homotopy theory, (∞,1)-category theory, homotopy type theory
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A simplicial object $X$ in a category $C$ is an simplicial set internal to $C$: a collection $\{X_n\}_{n \in \mathbb{N}}$ of objects in $C$ that behave as if $X_n$ were an object of $n$-dimensional simplices internal to $C$ equipped with maps between these space that assign faces and degenerate simplices.
For instance, and there is a longer list further down this page, a simplicial object in $Grps$ is a collection $\{G_n\}_{n\in \mathbb{N}}$ of groups, together with face and degeneracy homomorphisms between them. This is just a simplicial group. We equally well have other important instances of the same idea, when we replace $Grps$ by other categories, or higher categories.
A simplicial object in a category $C$ is a functor $\Delta^{op} \to C$, where $\Delta$ is the simplicial indexing category.
More generally, a simplicial object in an (∞,1)-category is an (∞,1)-functor $\Delta^{op} \to C$.
A cosimplicial object in $C$ is similarly a functor out of the opposite category, $\Delta \to C$.
Accordingly, simplicial and cosimplicial objects in $C$ themselves form a category in an obvious way, namely the functor category $[\Delta^{op},C]$ and $[\Delta,C]$, respectively.
Remark
A simplicial object $X$ in $C$ is often specified by the objects, $X_n$, which are the images under $X$, of the objects $[n]$ of $\Delta$, together with a description of the face and degeneracy morphisms, $d_i$ and $s_j$, which must satisfy the simplicial identities.
A simplicial object in Sets is a simplicial set.
A simplicial object in Presheaves is a simplicial presheaf.
A simplicial object in TopologicalSpaces is a simplicial topological space.
A simplicial object in Manifolds is a simplicial manifold.
A simplicial object in Groups is a simplicial group.
A simplicial object in AbelianGroups is a simplicial abelian group.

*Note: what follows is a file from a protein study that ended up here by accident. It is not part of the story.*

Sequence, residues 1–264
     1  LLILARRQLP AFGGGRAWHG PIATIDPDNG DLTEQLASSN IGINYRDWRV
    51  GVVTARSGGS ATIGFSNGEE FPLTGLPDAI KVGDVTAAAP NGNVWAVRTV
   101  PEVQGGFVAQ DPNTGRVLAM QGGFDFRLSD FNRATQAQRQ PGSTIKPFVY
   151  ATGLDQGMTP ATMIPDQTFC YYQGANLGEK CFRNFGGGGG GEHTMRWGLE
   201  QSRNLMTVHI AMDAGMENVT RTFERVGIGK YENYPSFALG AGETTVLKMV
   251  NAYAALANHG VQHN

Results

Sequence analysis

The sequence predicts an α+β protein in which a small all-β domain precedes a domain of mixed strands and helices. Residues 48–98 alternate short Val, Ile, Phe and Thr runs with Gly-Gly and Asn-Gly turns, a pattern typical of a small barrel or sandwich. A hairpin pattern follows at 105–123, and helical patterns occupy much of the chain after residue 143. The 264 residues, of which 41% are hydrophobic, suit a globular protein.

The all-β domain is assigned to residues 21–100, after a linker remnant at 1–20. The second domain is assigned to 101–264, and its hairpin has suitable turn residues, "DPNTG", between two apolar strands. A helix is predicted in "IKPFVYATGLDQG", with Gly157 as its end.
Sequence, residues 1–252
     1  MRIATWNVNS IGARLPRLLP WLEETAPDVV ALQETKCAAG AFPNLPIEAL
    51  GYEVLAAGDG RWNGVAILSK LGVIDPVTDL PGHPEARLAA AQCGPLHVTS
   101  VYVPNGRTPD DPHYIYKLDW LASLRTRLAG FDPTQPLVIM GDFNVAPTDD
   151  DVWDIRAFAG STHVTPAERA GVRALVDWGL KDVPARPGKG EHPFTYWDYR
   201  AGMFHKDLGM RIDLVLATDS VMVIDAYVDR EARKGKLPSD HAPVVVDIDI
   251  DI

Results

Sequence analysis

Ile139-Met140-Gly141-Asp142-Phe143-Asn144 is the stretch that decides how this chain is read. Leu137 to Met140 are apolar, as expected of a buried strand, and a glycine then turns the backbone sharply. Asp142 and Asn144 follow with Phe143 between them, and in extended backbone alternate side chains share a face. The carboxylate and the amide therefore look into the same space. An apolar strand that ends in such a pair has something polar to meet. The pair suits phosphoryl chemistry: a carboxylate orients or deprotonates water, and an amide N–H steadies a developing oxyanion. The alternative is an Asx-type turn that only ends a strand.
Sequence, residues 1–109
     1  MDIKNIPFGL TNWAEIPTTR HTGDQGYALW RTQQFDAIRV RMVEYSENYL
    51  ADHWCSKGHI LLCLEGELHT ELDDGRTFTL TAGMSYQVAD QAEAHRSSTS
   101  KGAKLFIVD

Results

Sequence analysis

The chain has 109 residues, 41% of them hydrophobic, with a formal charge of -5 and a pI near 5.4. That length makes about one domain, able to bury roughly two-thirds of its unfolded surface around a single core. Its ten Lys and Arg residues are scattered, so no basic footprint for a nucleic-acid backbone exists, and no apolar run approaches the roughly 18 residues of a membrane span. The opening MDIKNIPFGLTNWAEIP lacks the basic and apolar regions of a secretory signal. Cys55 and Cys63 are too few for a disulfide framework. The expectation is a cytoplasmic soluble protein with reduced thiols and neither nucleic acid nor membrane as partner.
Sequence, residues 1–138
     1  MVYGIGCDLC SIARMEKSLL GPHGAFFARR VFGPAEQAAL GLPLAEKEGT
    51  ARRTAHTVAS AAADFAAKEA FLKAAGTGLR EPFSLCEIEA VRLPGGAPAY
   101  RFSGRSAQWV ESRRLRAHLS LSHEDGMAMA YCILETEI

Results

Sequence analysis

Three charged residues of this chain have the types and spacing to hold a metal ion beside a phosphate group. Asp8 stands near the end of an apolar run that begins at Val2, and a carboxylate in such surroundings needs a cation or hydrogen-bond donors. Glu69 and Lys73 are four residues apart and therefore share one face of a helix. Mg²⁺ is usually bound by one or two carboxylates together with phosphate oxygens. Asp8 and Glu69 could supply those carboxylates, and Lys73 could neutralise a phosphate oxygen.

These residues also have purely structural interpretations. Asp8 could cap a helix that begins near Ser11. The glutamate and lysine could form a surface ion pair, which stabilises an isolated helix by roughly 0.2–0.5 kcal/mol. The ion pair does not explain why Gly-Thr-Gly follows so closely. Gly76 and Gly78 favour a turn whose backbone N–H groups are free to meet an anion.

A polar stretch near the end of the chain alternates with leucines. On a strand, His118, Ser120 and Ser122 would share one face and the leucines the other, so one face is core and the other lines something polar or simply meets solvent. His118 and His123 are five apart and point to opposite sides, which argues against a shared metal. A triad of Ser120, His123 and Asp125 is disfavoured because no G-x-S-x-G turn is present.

A simplicial object in TopologicalGroups is a simplicial topological group.
A simplicial object in Lie algebras is a simplicial Lie algebra.
A simplicial object in Rings is a simplicial ring.
A cosimplicial object in the category of rings (algebras) is a cosimplicial ring (cosimplicial algebra).
A simplicial object in a category of simplicial objects is a bisimplicial object.
A cosimplicial object in sSet is a cosimplicial simplicial set (equivalently a simplicial object in cosimplicial sets).
The bar construction produces a simplicial object from a monad and an algebra over that monad.
For $D$ a category, we write $D^{\Delta^{op}}$ for the functor category from $\Delta^{op}$ to $D$: its category of simplicial objects.
Let $D$ be a category with all limits and colimits. This implies that it is tensored over Set
This induces a functor
which we shall also write just “$\cdot$”.
For $X,Y \in D^{\Delta^{op}}$ write
and for $X,Y,Z \in D^{\Delta^{op}}$ let
be given in degree $n$ by
With the above definitions $D^{\Delta^{op}}$ becomes an sSet-enriched category which is both tensored as well as cotensored over $sSet$.
We may regard the category of cosimplicial objects $D^{\Delta}$ as an $sSet$-enriched category using the above enrichment by identifying
If $D$ is already a simplicially enriched category in its own right, with powers and copowers, we can define the geometric realization of a simplicial object $X\in D^{\Delta^{op}}$ as a coend:
where $\odot$ denotes the copower for the simplicial enrichment of $D$. This is left adjoint to the “total singular object” functor $D \to D^{\Delta^{op}}$ sending $Y$ to the simplicial object $n\mapsto Y^{\Delta[n]}$, the power for the simplicial enrichment.
Perhaps surprisingly, this adjunction is even a simplicially enriched adjunction when $D^{\Delta^{op}}$ has its simplicial structure from Definition , even though the latter makes no reference to the given simplicial enrichment of $D$. A proof can be found in RSS01, Proposition 5.4.
simplicial object
The original definition of simplicial objects, maps between them, and homotopies of such maps is due to Daniel M. Kan:
An early discussion of simplicial objects is in:
See also:
Peter May, Simplicial objects in algebraic topology, University of Chicago Press 1967 (ISBN:9780226511818, djvu, pdf)
Dai Tamaki, Akira Kono, Appendix A.1 in: Generalized Cohomology, Translations of Mathematical Monographs, American Mathematical Society, 2006 (ISBN: 978-0-8218-3514-2)
Charles Rezk, Stefan Schwede, and Brooke Shipley, Simplicial structures on model categories and functors, arxiv
Last revised on May 23, 2022 at 14:35:00. See the history of this page for a list of all contributions to it.